Canadian Forest Service Publications

Predicting insect distributions under climate change from physiological responses: spruce budworm as an example. 2012. Régnière, J.; St-Amant, R.; Duval, P. Biol. Invasions 14:1571-1586.

Year: 2012

Issued by: Laurentian Forestry Centre

Catalog ID: 33992

Language: English

Availability: PDF (request by e-mail)

Available from the Journal's Web site.
DOI: 10.1007/s10530-010-9918-1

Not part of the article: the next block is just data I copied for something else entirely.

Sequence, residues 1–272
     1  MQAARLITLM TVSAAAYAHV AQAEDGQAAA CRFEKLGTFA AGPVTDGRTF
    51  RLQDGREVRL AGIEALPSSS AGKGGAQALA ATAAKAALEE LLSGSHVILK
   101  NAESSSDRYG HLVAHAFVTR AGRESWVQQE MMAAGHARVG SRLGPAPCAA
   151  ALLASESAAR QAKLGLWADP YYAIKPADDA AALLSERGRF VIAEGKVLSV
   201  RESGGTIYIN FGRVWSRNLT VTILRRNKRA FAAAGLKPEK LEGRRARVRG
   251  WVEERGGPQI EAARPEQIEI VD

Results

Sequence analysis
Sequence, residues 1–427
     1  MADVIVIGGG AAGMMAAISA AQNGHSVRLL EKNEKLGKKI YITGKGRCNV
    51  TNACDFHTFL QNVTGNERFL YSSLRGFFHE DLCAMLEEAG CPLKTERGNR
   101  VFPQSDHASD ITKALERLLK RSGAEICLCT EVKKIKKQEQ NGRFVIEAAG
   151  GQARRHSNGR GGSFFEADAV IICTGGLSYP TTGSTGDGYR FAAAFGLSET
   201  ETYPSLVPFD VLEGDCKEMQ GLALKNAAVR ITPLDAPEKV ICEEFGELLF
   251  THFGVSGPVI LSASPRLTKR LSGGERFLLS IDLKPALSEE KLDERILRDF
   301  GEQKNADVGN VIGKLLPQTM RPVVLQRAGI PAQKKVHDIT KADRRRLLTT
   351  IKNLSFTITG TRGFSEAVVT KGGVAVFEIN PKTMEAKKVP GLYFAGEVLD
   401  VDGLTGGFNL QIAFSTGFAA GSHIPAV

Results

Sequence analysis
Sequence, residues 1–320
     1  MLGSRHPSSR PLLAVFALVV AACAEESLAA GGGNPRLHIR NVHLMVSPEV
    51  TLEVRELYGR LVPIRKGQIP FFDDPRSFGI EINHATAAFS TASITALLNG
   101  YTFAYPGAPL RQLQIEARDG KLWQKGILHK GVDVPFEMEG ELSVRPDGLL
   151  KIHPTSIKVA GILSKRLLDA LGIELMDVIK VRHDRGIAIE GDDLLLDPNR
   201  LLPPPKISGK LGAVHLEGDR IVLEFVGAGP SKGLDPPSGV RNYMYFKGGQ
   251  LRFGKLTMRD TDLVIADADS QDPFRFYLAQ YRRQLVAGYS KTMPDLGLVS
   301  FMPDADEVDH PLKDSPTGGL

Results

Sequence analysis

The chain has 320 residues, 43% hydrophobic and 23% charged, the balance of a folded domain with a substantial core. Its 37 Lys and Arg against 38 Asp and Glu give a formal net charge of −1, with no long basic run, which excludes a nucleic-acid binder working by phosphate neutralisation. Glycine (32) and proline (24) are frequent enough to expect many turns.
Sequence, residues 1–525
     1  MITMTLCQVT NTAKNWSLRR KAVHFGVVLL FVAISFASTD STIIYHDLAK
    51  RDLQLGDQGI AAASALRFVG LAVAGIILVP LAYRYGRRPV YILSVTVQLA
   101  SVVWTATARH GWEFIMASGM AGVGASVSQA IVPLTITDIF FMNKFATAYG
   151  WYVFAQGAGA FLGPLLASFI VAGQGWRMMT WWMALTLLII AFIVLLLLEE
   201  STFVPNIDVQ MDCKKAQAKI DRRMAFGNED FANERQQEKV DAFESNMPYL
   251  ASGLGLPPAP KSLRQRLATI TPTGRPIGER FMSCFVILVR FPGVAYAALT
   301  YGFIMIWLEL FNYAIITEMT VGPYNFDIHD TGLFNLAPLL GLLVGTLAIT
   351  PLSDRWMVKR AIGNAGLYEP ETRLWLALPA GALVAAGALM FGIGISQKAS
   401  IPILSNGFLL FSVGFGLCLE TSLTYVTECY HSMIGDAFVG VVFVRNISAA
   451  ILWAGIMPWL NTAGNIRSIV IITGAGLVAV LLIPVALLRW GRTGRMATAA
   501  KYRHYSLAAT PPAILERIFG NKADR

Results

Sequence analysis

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Much evidence is accumulating that insect distributions are changing. The changing earth’s climate is providing mobile species with an evolving "hospitability" template, and increasing global commerce expands opportunities for mobile species to colonize new habitats. Predicting the distribution of insects in the face of accelerating global commerce and climate change is quite a challenge. Many fruitful approaches are available and are being improved. Some are correlative; some are based on process-level knowledge. We have focused on an eco-physiological approach based on the known responses of species to specific weather factors at the physiological level. Of particular importance are developmental responses, of course, as they determine climates under which an insect can achieve a stable, adaptive seasonality. With this underlying minimal requirement, models can also take into account other weather influences such as cold tolerance and the deleterious effects of too much heat. In this paper, we illustrated the use of this approach to predict the change of distribution and potential impacts of the spruce budworm Choristoneura fumiferana (Clem.), a major native insect pest of conifer forests in North America. Like previous work on the invasive gypsy moth (Lymantria dispar L.) and the native mountain pine beetle (Dendroctonus ponderosae Hopkins), the present work points to the following conclusions concerning the effects of global warming on species distributions: (1) they will shift towards the poles (and to higher elevations); (2) temperate regions will bear the brunt of these shifts; and (3) distribution shifts may be good or bad, depending on the species and the regions concerned.